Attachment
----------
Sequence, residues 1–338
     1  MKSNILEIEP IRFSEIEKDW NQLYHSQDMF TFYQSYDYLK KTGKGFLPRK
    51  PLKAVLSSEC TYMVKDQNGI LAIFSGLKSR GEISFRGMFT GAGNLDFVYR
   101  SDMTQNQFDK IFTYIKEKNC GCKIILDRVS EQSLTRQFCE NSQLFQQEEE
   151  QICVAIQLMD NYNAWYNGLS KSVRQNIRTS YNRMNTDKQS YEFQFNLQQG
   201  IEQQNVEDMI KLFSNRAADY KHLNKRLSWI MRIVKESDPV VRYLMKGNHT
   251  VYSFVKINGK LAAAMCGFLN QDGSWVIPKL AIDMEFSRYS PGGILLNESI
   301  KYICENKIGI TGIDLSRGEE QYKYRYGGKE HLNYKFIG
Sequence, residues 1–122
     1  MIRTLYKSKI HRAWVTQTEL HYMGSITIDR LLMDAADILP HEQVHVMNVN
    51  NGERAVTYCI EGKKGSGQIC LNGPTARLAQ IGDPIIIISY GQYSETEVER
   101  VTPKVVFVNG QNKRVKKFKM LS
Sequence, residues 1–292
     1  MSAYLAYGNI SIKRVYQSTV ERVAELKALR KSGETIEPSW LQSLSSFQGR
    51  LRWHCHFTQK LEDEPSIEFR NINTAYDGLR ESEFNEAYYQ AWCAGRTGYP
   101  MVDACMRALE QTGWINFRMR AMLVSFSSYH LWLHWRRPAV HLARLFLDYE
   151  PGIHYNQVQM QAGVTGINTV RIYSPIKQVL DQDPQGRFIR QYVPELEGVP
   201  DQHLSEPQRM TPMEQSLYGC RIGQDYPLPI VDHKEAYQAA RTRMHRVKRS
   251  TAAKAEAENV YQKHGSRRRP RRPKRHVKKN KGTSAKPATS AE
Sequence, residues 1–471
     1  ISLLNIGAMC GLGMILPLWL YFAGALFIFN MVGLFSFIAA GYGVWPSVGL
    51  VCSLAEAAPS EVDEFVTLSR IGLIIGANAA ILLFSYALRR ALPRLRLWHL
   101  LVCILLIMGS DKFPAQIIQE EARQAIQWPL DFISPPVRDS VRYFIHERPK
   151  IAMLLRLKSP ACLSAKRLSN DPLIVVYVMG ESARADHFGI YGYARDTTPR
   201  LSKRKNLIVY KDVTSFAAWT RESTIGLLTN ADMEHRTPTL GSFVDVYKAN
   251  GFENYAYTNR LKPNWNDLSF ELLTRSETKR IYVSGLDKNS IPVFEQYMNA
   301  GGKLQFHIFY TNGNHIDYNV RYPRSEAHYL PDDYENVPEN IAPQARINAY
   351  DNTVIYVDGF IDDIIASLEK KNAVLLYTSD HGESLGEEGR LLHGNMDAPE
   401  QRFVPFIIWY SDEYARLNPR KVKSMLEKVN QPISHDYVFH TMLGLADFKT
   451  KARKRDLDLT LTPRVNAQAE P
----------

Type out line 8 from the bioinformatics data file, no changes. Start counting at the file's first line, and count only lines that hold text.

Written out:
   301  KYICENKIGI TGIDLSRGEE QYKYRYGGKE HLNYKFIG